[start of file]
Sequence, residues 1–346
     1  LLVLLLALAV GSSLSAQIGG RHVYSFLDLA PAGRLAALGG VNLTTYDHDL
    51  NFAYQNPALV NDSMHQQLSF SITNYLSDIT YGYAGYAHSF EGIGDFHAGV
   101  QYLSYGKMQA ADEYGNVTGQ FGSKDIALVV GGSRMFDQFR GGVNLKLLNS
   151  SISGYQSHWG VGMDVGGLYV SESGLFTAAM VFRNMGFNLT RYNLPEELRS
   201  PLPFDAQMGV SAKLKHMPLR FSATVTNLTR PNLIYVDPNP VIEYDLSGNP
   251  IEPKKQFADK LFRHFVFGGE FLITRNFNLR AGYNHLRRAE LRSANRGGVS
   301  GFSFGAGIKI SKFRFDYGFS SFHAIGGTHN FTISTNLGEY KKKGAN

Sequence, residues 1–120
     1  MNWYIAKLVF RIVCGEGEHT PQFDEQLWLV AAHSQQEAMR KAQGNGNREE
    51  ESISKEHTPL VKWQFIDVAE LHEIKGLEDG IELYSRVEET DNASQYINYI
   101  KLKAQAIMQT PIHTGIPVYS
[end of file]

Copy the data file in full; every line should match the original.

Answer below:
Sequence, residues 1–346
     1  LLVLLLALAV GSSLSAQIGG RHVYSFLDLA PAGRLAALGG VNLTTYDHDL
    51  NFAYQNPALV NDSMHQQLSF SITNYLSDIT YGYAGYAHSF EGIGDFHAGV
   101  QYLSYGKMQA ADEYGNVTGQ FGSKDIALVV GGSRMFDQFR GGVNLKLLNS
   151  SISGYQSHWG VGMDVGGLYV SESGLFTAAM VFRNMGFNLT RYNLPEELRS
   201  PLPFDAQMGV SAKLKHMPLR FSATVTNLTR PNLIYVDPNP VIEYDLSGNP
   251  IEPKKQFADK LFRHFVFGGE FLITRNFNLR AGYNHLRRAE LRSANRGGVS
   301  GFSFGAGIKI SKFRFDYGFS SFHAIGGTHN FTISTNLGEY KKKGAN

Sequence, residues 1–120
     1  MNWYIAKLVF RIVCGEGEHT PQFDEQLWLV AAHSQQEAMR KAQGNGNREE
    51  ESISKEHTPL VKWQFIDVAE LHEIKGLEDG IELYSRVEET DNASQYINYI
   101  KLKAQAIMQT PIHTGIPVYS